Quote of the day—BJ Campbell

Germany has almost eight times more guns than Ireland, but Ireland has three and a half times more gun homicides than Germany, by rates. Why is that? Well, let’s be honest with ourselves for just this once on the internet. It’s because Germany is full of Germans, and Ireland is full of Irish. Culture.

Consider some off-graph data for a moment. If we combine the USA suicide rate and homicide rates into one rate, of all methods and not just guns, we get 4.9 + 13.4 = 18.3. South Korea’s suicide rate alone is 24.1 per 100k, and they’ve got almost no guns. Waive it away though, because oh, that’s cultural.

Now let’s look at Ye Olde Red White and Blue Outlier: The United States of America. Let’s compare our country to the other countries in the plot. We got the country kicked off by repeatedly coating tax collectors with searing hot tar and covering them with chicken feathers, moved on to shooting them, and then we won the war in no small part by applying the emerging concept of “interchangeable parts” to firearms. You’ve heard that AR-15s are basically build-a-bear rifles made of interchangeable parts, right? Since our storied and violent beginning, we’ve been at war 225 of our 242 years of existence. We nuked two cities. We have troops stationed in 150 different countries. When we want to eradicate poverty, or illicit drugs, or terrorism, what do we do? Declare “waron them. At the beginning of every baseball game, we hoist a flag with a star for every territory taken by force from the natives and singing a song about rockets and bombs.

BJ Campbell
March 30, 2018
The Magic Gun Evaporation Fairy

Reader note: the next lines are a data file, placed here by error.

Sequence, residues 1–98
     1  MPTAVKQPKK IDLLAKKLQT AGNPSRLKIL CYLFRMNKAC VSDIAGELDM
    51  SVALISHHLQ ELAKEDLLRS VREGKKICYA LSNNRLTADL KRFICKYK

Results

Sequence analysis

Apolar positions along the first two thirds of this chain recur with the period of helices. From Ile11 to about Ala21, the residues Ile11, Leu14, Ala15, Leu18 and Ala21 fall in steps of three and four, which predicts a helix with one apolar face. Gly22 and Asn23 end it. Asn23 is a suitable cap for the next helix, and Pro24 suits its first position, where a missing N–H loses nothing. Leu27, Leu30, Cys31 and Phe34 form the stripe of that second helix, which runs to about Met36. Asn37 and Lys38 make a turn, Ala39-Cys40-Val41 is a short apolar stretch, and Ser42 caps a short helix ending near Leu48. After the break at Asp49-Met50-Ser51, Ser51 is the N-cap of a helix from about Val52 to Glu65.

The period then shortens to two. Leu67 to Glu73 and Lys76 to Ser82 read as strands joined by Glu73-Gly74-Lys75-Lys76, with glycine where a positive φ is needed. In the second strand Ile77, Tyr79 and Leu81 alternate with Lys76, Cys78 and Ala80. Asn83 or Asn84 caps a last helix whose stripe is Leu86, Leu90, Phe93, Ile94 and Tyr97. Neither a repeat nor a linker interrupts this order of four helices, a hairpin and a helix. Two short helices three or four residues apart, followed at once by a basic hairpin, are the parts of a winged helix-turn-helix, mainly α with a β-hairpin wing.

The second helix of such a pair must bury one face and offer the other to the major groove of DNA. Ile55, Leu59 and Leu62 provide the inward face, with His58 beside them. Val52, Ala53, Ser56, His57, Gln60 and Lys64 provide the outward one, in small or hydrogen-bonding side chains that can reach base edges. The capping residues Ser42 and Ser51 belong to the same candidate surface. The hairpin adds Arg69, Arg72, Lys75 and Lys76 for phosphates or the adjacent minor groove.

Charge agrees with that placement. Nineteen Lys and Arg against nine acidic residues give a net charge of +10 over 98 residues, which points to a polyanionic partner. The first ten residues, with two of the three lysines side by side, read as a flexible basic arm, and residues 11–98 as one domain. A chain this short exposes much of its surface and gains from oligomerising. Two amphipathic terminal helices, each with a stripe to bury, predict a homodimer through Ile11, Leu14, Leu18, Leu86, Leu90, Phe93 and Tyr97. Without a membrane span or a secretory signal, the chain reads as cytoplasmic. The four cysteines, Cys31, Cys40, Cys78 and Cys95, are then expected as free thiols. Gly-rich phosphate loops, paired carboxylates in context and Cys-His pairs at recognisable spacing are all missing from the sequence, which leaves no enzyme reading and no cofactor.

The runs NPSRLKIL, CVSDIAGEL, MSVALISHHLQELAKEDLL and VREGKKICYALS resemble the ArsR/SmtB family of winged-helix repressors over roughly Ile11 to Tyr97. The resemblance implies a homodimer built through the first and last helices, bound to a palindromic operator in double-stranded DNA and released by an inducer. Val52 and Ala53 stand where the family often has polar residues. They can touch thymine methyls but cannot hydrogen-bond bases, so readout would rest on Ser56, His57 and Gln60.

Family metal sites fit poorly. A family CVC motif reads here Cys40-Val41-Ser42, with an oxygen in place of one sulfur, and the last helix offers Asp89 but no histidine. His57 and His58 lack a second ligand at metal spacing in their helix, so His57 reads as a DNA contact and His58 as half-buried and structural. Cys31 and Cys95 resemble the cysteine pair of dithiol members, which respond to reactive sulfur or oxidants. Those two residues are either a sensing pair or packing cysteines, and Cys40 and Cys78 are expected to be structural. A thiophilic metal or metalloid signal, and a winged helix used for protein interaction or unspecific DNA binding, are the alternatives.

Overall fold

[Interesting insights.

Campbell also made QOTD with his post from March 13th as well.—Joe]

Quote of the day—Jonathan Wolf

As many as 520,000 Americans own bump stocks, according to ATF estimates, meaning that Trump’s most significant gun control policy achievement to date outstrips Obama’s by nearly a full order of magnitude, as measured by the number of individuals affected.

Jonathan Wolf
December 26, 2018
Second Amendment News By The Numbers: Bump Stock Ban Makes Trump More Of A Gun Control President Than Obama Ever Was
[When talk of the bump stock regulation “review” came out I was certain that it was just a delaying action to let the noise die down. At worst I thought a bump stock ban would be traded for carry reciprocity and maybe even removing suppressors from NFA34.

I’m extremely irritated that we have to spend scarce resources fighting this in the courts. I would much rather those resources be directed at removing restrictions on semi-auto firearms at the state and local level.—Joe]

Quote of the day—Steve @EnragedApostate

It might take years & a lot of ordnance blowing away gun fondlers to kingdom-come, but it will be worth it. Go ahead & reach for it: give us the justification gladly.

One way or the other, this planet is going to get on with the process of being civilized and being rid of you knuckle-draggers.

Steve @EnragedApostate
Tweeted (and here) on September 26, 2018
[Who is this “us” he is referring to? It can’t be law enforcement because over 70% of them have a favorable opinion to not enforcing more restrictive gun law and over 60% would not enforce more restrictive gun laws if they were Sherriff or Chief! Less that 20% say they would definitely enforce more restrictive gun laws. The military aren’t going to be any more inclined. And people like him aren’t going to be doing it.

Beyond his delusion what is important is that this is what they think of you and they want you dead.